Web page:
March 10th, 2020

Foals are born rather mature as they can stand and eat within a few hours of being born. The anatomy of a foal at birth is that their legs are long, and their bodies are small. This means that a foal’s legs are very close to that of their adult length.  Their body, including the ribcage/torso are smaller in comparison, the neck short, and head small.  These will change appropriately as the foal matures, but the leg length grows a great deal less than the rest of their body.

An interesting aspect of growth is that when the foal is born they have a short neck. Foals rely on a suckling reflex in their first few hours after birth to gain vital nutrition through nursing the mare meaning their bodies and height are built for nursing. As they grow, their neck will also grow in length, but it can be challenging to reach the ground and graze on grass at an early age.     

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Photo courtesy of Kathy Landman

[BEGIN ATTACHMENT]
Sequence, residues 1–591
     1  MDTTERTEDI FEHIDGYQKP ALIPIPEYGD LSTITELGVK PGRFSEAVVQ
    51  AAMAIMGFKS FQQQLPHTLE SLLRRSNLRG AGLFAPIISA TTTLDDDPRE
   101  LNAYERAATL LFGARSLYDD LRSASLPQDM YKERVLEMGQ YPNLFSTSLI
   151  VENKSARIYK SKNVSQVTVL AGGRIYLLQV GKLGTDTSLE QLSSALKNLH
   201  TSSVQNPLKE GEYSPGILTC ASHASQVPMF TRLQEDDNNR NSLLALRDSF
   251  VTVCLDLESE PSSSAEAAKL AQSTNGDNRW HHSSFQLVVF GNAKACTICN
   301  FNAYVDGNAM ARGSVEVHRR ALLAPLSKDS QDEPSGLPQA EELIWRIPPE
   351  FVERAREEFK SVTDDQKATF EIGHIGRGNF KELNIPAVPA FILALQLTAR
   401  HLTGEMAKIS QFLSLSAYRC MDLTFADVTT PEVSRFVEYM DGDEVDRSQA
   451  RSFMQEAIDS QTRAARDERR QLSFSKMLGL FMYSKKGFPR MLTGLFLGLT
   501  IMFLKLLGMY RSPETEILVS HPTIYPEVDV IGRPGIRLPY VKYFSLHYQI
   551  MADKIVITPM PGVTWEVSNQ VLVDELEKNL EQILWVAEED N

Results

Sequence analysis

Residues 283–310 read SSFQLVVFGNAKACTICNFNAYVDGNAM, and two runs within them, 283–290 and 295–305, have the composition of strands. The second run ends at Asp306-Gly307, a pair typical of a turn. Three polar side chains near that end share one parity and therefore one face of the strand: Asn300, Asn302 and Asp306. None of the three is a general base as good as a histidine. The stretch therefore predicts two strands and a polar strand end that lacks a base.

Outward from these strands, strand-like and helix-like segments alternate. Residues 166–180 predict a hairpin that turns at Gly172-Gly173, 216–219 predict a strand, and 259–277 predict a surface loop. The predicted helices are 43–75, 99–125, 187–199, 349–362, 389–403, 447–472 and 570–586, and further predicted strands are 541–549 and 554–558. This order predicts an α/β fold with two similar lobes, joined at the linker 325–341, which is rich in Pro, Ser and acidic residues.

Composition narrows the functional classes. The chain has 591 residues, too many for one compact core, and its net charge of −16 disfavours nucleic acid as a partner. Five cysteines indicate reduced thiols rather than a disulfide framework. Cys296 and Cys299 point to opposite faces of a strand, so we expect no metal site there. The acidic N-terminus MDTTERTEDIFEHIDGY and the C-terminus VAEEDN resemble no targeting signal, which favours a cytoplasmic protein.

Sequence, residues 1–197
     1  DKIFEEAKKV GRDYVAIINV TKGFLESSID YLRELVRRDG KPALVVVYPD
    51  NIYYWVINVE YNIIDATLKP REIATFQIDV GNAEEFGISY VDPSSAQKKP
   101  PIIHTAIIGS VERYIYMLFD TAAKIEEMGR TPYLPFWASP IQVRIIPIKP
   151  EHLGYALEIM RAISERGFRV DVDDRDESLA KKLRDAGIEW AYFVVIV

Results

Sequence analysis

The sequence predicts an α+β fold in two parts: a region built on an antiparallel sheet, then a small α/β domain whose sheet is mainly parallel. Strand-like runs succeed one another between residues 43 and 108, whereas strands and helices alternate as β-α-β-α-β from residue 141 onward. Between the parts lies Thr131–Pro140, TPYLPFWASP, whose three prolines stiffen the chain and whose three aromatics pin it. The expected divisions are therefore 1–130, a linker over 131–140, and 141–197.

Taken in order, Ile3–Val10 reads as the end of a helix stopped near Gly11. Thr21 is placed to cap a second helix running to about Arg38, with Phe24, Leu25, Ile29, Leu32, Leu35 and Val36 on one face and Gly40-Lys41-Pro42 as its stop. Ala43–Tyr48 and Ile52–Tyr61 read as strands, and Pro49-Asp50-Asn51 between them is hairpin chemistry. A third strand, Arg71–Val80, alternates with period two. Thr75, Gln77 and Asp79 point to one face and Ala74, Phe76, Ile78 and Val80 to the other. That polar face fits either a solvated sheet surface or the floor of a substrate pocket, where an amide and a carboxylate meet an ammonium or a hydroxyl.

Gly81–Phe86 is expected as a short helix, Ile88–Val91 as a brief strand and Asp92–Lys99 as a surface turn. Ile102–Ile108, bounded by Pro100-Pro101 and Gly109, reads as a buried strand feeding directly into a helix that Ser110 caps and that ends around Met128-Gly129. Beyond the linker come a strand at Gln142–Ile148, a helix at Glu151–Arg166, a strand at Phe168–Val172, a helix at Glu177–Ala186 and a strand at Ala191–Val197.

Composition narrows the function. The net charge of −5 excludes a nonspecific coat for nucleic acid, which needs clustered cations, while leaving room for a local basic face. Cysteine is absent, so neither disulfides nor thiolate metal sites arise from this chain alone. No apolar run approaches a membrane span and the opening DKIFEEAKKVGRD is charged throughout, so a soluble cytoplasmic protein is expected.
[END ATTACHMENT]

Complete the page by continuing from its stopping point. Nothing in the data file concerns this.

Post Delivery

Anatomy / Pedigree
February 27th, 2020

It’s such an exciting time when a foal is born! To ensure the foal’s health, farms may take different steps to care for the newborn. The farm manager and staff work hard to ensure it is a smooth birth for the mare with thorough check-ups leading up to the delivery. Four weeks prior to the due date, the mother’s immunity is boosted by giving her prenatal vaccination to ensure that her colostrum is rich with antibodies to prevent disease in the foal. Great care and attention are paid to the mare during labor and delivery then care is provided to the foal.